If a wealthy person can’t pay back taxes, but continues to
live a lavish lifestyle beyond his means, does the payment of personal expenses
at a time when taxes are due bar the discharge of these taxes in a subsequent
personal bankruptcy because nonpayment constitutes a prohibited “willful
attempt” to evade taxes?
In an important case of first impression, the Ninth
Circuit answered "no" — the mere nonpayment does not make a tax debt nondischargeable.
The facts of Hawkins v. FTB, __ F.3d __ (9th Cir. Sept. 15,
2014), read like a novel of America's rich and famous. Or possibly, borrowing
from Greek mythology, the modern version of the story of Icarus.
Between 1996 and 2000, Mr. Hawkins:
sold company stock for substantial tax gains;
entered into tax sheltered transactions designed to create substantial,
offsetting, tax losses;
got divorced and remarried;
lived a lavish
lifestyle, owned multiple homes and traveled by private jet; and
a new "dot bomb" company that later failed and proved worthless.
On audit, the IRS disallowed the tax shelter
losses, resulting in over $30 million in federal and state taxes due. Mr.
Hawkins reversal of fortune was breathtaking. In 1996, his net worth approached
$100 million, but by 2003, he was financially insolvent with over $30 million in
back taxes due. However, until filing a personal chapter 11 bankruptcy in 2006,
he continued to live a rich lifestyle, with personal expenses substantially
exceeding his income by estimated amounts ranging from $500,000 to $2 million.
In order to deal with his back taxes, he filed a personal
chapter 11 bankruptcy petition in 2006. After the sale of his personal assets
and confirmation of a liquidating plan of reorganization, he was entitled to a
discharge of all debts, including $25 million in tax debts. The IRS subsequently
challenged, arguing that the tax debts were excepted from discharge under Bankruptcy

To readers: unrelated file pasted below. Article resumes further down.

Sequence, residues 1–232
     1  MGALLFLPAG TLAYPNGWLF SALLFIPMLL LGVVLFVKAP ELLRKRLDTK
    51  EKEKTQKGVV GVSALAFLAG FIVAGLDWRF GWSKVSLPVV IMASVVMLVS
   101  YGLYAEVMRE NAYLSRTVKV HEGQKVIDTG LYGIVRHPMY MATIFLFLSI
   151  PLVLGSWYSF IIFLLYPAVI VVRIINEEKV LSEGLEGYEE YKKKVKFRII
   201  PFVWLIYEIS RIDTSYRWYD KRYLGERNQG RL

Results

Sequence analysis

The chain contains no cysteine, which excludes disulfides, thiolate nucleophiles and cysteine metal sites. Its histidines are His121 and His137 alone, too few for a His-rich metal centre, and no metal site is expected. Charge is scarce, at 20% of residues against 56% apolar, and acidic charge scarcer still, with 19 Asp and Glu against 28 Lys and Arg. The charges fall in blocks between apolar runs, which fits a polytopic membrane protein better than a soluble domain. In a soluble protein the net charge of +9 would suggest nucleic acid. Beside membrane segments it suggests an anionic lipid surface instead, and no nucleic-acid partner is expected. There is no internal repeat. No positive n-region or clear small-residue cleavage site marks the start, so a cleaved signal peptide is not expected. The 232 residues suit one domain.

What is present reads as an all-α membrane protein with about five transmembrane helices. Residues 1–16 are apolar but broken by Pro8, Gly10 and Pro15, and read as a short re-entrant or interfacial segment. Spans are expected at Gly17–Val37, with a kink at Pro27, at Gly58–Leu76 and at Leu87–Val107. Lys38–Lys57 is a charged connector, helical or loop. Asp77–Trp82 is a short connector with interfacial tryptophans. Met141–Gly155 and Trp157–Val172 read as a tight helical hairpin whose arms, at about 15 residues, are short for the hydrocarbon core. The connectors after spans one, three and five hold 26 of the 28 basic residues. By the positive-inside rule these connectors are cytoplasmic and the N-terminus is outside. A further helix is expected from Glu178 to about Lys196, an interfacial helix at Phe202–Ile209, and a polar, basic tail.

Code Section 523(a)(1)(C), because the debtor "willfully attempted in any manner
to evade or defeat such tax." 11 U.S.C. § 523(a)(1)(C). The IRS argued that
spending beyond his income amounted to a "willful attempt" to evade taxes.
First, some background. The right of debtors to restructure
their financial affairs and obtain a fresh-start discharge of prior obligations
is so fundamental that it is found in the bankruptcy clause of the U.S. Constitution.
U.S. Const., art. I, section 8, cl. 4. In furtherance of this broad policy, a
debtor is permitted to discharge all debts that arose before filing a bankruptcy
petition. 11 U.S.C. § 727. However, there are specific exceptions to discharge,
including any tax debts "with respect to which the debtor ... willfully attempted
in any manner to evade or defeat such tax." 11 U.S.C. § 523(a)(1(C).
The Ninth Circuit held the "fresh start" policy of discharge
should be interpreted broadly, and the exceptions interpreted narrowly. Mere
nonpayment is not sufficient. A "willful attempt" requires the government
to show that "the debtor took the actions with the specific intent of evading taxes."
Spending beyond your income, without more, does not qualify as a "willful
Given the importance of the question, and a different
conclusion reached by the Tenth Circuit, expect this issue to one day be decided
by the U.S. Supreme Court.
Article © Fred Witt 2014. All Rights Reserved.
Disclaimer: This alert is
provided for general information purposes and is not intended to constitute
legal or tax advice. Please consult with your own legal or tax advisor before making
any decisions concerning your financial or business matters.